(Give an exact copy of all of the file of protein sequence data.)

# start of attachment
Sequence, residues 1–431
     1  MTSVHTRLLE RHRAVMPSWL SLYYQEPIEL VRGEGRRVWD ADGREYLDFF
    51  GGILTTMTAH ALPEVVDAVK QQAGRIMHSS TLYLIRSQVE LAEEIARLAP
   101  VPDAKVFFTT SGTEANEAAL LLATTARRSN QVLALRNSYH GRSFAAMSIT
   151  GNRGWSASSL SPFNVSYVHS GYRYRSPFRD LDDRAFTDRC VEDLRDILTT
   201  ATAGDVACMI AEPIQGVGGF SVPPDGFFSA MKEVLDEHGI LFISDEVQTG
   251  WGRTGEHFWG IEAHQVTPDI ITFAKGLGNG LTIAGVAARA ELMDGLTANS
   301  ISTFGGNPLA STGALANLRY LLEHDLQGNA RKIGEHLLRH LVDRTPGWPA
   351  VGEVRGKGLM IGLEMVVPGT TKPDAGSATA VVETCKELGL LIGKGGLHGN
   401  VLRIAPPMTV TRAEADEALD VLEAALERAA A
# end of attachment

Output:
Sequence, residues 1–431
     1  MTSVHTRLLE RHRAVMPSWL SLYYQEPIEL VRGEGRRVWD ADGREYLDFF
    51  GGILTTMTAH ALPEVVDAVK QQAGRIMHSS TLYLIRSQVE LAEEIARLAP
   101  VPDAKVFFTT SGTEANEAAL LLATTARRSN QVLALRNSYH GRSFAAMSIT
   151  GNRGWSASSL SPFNVSYVHS GYRYRSPFRD LDDRAFTDRC VEDLRDILTT
   201  ATAGDVACMI AEPIQGVGGF SVPPDGFFSA MKEVLDEHGI LFISDEVQTG
   251  WGRTGEHFWG IEAHQVTPDI ITFAKGLGNG LTIAGVAARA ELMDGLTANS
   301  ISTFGGNPLA STGALANLRY LLEHDLQGNA RKIGEHLLRH LVDRTPGWPA
   351  VGEVRGKGLM IGLEMVVPGT TKPDAGSATA VVETCKELGL LIGKGGLHGN
   401  VLRIAPPMTV TRAEADEALD VLEAALERAA A